So, you enjoy movies, watch them regularly and feel ready to take the next step. That’s right, you don’t just want to be a movie buff, you want to be a movie snob. You’ve seen those shiny boys and girls, hanging outside the local multiplex, spouting on about Kurosawa or Mise-en-scène and you’ve thought to yourself, ‘I have no idea what they’re talking about but it sounds impressive. I want to be in that gang!’

If you missed the first part of my handy guide, and frankly I can’t blame you since I wrote it in what seems like 1974, you will find it here. Read and then come back. Don’t worry, we won’t start without you…

Okay, so you survived the first part. Hopefully you’ve had a bit of time now to practice your disapproving snorts, revise your directors and hone your French. Already people are looking at you with a newfound contempt! You are on your way, my friend. You are now ready for the next part of your epic journey.

 

Lesson 6 – Correct Home Viewing

The aim of any good Movie Snob should be to take the home movie-viewing experience and refine it to match the cinema experience. In fact, by removing the ‘other people’ factor home viewing can be a vast improvement on going to the cinema. No more queuing, fighting for elbow room on the arm-rest, listening to inane chatter or enduring the endless crunching of those many nachos that weren’t softened by the miserly drip of salsa topping.

Now, while it is understood that the full home cinema set-up, including wall-mounted screen, surround-sound system and a member of the family selling ice cream and popcorn in the hallway is beyond the budget of most, there are certain guidelines which the Movie Snob can embrace even without the expensive gear.

1) Lights Out
Do they leave the lights on in the cinema so you can sit there reading a magazine while the movie’s running? No, Sir, they do not, Sir, and neither should you. Just because you didn’t pay through the nose to see this movie doesn’t mean it shouldn’t get your full attention. I don’t care if you turn the lights on two hours later to find several sticky popcorn kernels between your legs, which then have to be removed with a chisel. Put the damn light out.

2) Everybody Shut Up 
Speaks for itself really, which is exactly what everyone in the room shouldn’t be doing. Gag them if necessary, but since enraged grunts can be just as distracting it might be better to procure some melatonin pills to slip into their tea beforehand. Off to la-la land, little Movie Plebs. Bless.

3) Assume the Position
It is vital that the Movie Snob reject unseemly angles when arranging his or her seating for maximum viewing pleasure. There is nothing worse than watching a movie at a neck-stretching angle, so that everyone on screen looks like they’ve been on some ridiculous diet. Perspective is nothing in this case. Face the screen, nicely centred, no turning of the neck required. Use a ruler if you have to.

 

Lesson 7 – Remakes Suck, Even the Ones That Don’t

As a bona-fide Movie Snob, it is your job, neigh, your scared duty, to rage against the Hollywood remake of foreign cinema with all your might. Yeah, we know some of them are actually pretty good, although not many, but that’s really not the point. You are requested and required to decry Hollywood’s sloth, indolence and fetish for pinching other nation’s ideas at every opportunity. ’Not as good as the original’ shall be your motto from this moment forth. Say it loud and say it proud. In fact, say it in Japanese with subtitles.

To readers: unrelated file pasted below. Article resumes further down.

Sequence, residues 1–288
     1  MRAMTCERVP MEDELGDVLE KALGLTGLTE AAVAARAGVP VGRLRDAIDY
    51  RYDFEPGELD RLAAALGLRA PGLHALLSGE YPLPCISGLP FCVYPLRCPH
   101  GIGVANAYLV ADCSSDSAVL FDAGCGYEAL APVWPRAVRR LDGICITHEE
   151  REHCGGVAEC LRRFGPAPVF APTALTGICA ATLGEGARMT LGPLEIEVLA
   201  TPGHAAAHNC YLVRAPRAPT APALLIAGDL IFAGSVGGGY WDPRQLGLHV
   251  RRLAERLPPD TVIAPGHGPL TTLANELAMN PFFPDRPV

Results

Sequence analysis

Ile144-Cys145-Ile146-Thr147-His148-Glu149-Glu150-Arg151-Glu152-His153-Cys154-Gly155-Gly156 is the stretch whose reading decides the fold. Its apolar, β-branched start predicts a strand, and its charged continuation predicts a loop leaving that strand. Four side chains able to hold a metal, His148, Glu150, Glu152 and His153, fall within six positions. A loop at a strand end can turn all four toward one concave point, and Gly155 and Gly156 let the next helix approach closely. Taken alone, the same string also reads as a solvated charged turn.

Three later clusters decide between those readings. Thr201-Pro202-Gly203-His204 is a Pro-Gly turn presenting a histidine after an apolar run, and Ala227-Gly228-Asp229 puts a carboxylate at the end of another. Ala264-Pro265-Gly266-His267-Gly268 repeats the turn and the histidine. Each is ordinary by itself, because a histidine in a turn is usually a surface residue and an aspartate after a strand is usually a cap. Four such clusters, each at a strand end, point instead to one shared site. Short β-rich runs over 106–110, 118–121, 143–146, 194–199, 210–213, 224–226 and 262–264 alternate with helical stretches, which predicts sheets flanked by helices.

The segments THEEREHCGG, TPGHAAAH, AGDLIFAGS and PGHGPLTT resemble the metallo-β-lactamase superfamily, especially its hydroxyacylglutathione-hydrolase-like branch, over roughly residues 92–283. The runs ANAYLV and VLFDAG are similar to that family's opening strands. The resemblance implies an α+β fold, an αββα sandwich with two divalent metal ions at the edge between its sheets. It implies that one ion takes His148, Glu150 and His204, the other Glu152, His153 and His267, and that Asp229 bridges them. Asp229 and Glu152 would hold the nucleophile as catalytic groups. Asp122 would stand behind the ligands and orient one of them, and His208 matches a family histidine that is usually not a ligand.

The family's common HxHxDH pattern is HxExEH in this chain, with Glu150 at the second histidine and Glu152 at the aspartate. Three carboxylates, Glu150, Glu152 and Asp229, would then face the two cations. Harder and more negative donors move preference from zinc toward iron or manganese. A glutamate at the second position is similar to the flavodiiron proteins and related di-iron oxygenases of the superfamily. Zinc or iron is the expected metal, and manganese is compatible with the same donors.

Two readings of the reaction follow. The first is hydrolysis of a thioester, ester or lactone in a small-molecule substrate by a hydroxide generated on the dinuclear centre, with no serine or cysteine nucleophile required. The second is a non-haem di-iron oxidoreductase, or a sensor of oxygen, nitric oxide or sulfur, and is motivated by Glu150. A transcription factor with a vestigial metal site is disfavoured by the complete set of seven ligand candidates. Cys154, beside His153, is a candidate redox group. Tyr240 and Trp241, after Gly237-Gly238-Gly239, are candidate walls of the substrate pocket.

Lesson 8 – Cinema Etiquette

You are a Movie Snob in training now, my eager apprentice. Movies are your religion and the cinema is your church. Your trips to the Great Temple of Celluloid Worship are now to be treated with the appropriate levels of reverence, solemnity and tedious sycophancy. Fun? Fun! Who said anything about fun?

Just follow these simple Do’s and Don’ts (or thinly disguised list of my pet hates) and you’ll soon be sucking the joy out of every Saturday night at the movies.

DO arrive at your seat before the movie actually starts. The last thing people want to see as they begin tucking into their overpriced, lukewarm snacks is your saggy ass clumsily squeezing past them while you mumble half-hearted apologies, blocking out both vision and sound. Just a thought.

DON’T bring a packed lunch. It’s bad enough having to deal with the overpowering smell of soggy nachos, overcooked hot dogs and human people, without adding egg sandwiches to the mix. Picnics are for the park. And if you have to stuff your face, please do it quietly. I came to watch a movie, not feeding time at the zoo. Why is it so necessary to shovel as much food and drink as possible down your gullet simply because you’re watching a movie? Do people guzzle popcorn at the opera? No, Sir, they do not.

DO put your phone away. Come on, are you kidding me? You’re in a darkened room, moron. Do you really think no-one is going to notice that little light come on, bathing your vacant face in a murky glow while you pointedly ignore the movie, everyone around you and all good sense so you can tweet about how cool the movie you aren’t watching is?

DON’T give away the ending to everyone within range of your voice. You know the type. Leans over to his/her companion and announces what everyone will find out for themselves in about sixty seconds. Why? Why are doing that?  You’ve seen the movie before. That doesn’t make you psychic, or smarter, or in any way impressive. Do you feel some need to prove that you can remember stuff? How these people make it out of the cinema without a stretcher is beyond me.

DO leave the toddlers at home. Do you really imagine that your two-year-old or, God help us all, your baby is going to sit quietly and attentively watching the film for two hours? Have you run mad? I didn’t pay those ridiculous ticket prices to listen to your mewling little cabbage gibber and drool while consistently kicking the back of my chair. Can’t you just put some food in a bowl and leave them at home? Jeez.